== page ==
All of these causes of chronic runny nose and postnasal drainage may happen in older people, but several additional disorders that can cause these symptoms to become more frequent with age.
For example, gustatory rhinitis is more common in older populations. Symptoms of this type of nonallergic rhinitis may be triggered by eating any food, and is an exaggeration of the runny nose that we all get when we eat spicy food. It is also more common for minor temperature changes to induce a runny nose in older adults.
In many older people, the sensation of postnasal drainage may be the result of nasal airway dehydration. This can be a side effect of medications for high blood pressure, sleep disorders and bladder problems, among others. Drinking too much coffee, tea or alcohol, or not drinking enough water is also more likely to produce nasal dehydration in older adults. Finally, in some people symptoms of certain kinds of gastroesophageal reflux may be mistakenly identified as postnasal drainage.
Effective treatments are available for many of these conditions. Finding the best treatment, however, hinges on correctly pinpointing the underlying problem.
Because it has been some time since you were originally diagnosed with nonallergic rhinitis, it may be helpful to have your condition re-evaluated now. Consider making an appointment with a physician who specializes in ear, nose and throat disorders (otorhinolaryngologist) or an allergist with a particular interest in disorders of the nose and sinuses. After a thorough evaluation of your symptoms and your overall medical condition, he or she will likely be able to provide advice on how to best manage these bothersome symptoms.
— Juan Guarderas, M.D., Otorhinolaryngology/Allergy, Mayo Clinic, Jacksonville, Fla.
Mild Leg Swelling Can Be Easily Managed, but Check with Doctor First for Accurate Diagnosis
May 17, 2013
Dear Mayo Clinic:
For the past couple of weeks my calves have been swollen. They don't hurt, but I definitely notice that my socks are tighter than normal. What could be the cause?
There are numerous causes of painless swelling of the legs (peripheral edema). If there are no other symptoms, mild leg swelling is relatively common and easily managed. But peripheral edema is sometimes associated with a more serious underlying disease, so it's important you see your doctor for a thorough exam and accurate diagnosis.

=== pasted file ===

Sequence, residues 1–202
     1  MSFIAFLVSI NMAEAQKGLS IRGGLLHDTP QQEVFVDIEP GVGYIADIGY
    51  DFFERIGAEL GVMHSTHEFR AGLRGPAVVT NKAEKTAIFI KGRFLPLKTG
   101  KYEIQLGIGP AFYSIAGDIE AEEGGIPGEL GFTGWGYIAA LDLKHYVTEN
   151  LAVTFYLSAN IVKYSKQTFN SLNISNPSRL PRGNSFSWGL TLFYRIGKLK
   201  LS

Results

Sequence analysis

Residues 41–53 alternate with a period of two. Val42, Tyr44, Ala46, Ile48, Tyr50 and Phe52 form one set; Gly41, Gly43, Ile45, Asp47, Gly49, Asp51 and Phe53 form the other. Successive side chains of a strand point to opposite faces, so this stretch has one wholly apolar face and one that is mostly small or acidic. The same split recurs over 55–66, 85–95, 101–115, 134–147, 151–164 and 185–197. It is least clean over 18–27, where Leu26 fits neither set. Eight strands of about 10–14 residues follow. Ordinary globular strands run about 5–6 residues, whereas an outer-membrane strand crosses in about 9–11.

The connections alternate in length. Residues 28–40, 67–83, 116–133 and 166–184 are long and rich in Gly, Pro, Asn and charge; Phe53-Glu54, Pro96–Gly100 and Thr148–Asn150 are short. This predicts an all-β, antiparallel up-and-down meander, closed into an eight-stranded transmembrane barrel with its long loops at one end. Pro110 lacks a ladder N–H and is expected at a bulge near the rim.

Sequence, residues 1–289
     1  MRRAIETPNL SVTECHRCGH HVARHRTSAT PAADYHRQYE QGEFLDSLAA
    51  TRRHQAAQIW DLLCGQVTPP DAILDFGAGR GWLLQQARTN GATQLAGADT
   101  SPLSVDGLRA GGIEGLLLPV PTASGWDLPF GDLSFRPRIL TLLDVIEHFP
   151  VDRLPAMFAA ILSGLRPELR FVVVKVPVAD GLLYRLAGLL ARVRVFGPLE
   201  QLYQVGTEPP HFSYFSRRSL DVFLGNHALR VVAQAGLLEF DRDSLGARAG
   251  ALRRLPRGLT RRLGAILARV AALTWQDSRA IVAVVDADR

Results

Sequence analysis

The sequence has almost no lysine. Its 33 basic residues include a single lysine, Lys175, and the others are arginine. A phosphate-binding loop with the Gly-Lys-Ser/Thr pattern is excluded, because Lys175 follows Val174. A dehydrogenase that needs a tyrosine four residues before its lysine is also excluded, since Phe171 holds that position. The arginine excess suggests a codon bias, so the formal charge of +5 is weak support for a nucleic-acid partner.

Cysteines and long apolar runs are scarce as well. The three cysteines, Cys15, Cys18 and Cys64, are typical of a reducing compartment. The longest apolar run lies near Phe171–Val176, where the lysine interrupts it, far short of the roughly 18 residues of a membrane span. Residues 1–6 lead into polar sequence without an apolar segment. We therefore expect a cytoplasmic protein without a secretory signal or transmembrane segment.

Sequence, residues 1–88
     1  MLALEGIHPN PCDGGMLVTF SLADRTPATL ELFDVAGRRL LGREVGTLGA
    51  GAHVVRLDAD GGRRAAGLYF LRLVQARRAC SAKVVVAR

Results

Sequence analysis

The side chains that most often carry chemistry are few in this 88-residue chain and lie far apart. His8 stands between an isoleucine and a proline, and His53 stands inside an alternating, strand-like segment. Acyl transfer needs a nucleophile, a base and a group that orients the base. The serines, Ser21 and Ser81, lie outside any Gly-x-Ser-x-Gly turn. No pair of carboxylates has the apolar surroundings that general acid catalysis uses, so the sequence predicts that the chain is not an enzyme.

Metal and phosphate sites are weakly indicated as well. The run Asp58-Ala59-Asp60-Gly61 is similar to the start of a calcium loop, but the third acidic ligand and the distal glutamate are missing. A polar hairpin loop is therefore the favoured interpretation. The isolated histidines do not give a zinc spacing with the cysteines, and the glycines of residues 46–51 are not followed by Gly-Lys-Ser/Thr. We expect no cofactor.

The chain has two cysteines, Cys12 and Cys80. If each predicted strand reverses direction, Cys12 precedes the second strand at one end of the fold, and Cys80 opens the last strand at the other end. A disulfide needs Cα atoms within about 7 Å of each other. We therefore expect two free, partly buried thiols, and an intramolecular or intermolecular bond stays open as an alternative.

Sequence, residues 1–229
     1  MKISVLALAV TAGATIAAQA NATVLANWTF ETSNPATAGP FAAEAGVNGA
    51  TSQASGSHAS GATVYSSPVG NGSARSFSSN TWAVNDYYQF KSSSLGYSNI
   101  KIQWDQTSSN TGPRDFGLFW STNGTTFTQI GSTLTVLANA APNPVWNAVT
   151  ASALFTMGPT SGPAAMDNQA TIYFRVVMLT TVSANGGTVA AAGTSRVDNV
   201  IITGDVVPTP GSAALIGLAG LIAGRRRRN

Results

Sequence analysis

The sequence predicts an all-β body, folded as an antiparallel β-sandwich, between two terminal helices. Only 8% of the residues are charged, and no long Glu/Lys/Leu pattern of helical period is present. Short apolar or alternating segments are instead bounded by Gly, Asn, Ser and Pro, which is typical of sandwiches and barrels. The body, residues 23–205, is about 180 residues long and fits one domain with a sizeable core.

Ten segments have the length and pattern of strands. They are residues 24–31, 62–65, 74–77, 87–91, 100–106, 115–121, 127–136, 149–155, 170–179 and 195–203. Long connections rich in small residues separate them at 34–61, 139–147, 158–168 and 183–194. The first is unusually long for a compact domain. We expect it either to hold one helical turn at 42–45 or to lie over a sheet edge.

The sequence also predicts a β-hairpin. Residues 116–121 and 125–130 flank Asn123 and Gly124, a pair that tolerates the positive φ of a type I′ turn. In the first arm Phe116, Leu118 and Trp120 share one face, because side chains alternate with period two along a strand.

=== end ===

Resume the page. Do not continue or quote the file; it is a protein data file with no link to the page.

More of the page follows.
Edema is the result of a buildup of excess fluid in your tissues. Normally, the body maintains a balance of fluids between the network of blood vessels, the lymph system and all of the tissues outside of these vessels. However, if the balance is disturbed, the tiniest blood vessels (capillaries) may leak fluid that builds up in surrounding tissues. The result is edema.
In addition to swelling, other signs and symptoms of edema may include stretched or shiny skin, skin that stays indented after being pressed for at least five seconds, or an increase in abdominal size.
Peripheral edema typically affects both legs. Edema in only one leg may be related to something in that leg or the groin on the same side.
In some instances, edema can affect the lungs and lead to shortness of breath and difficulty breathing, which requires urgent medical care.
A physical exam can help sort out the cause of peripheral edema and help determine if there is a serious underlying condition. Certain blood tests and urinalysis may be done, as well an electrocardiogram, chest X-ray and possibly additional imaging, such as such as an ultrasound of the affected leg or even the pelvis.
Mild edema without symptoms such as shortness of breath, abdominal swelling or high blood pressure usually signals a less worrisome cause. The benign causes can include having consumed more salt than usual, being overweight, standing or sitting for an extended period of time, and your age (older adults are more susceptible to swollen legs).
Sometimes, peripheral edema is a side effect of a drug. Among the many drugs known to cause swelling are calcium channel blockers, corticosteroids, nonsteroidal anti-inflammatory drugs, the anti-seizure drug gabapentin (Neurontin), and certain drugs for diabetes — particularly thiazolidinediones.
Peripheral edema can stem from a number of conditions, notably:
Weak or damaged leg veins — Over time, one-way valves that keep blood moving toward your heart can weaken and stop working properly, allowing fluid to pool in your lower limbs.
Deep vein thrombosis (DVT) — Edema may develop if blood clots form in the deep veins of your leg. Clotting usually affects only one leg and may produce swelling, pain and tenderness.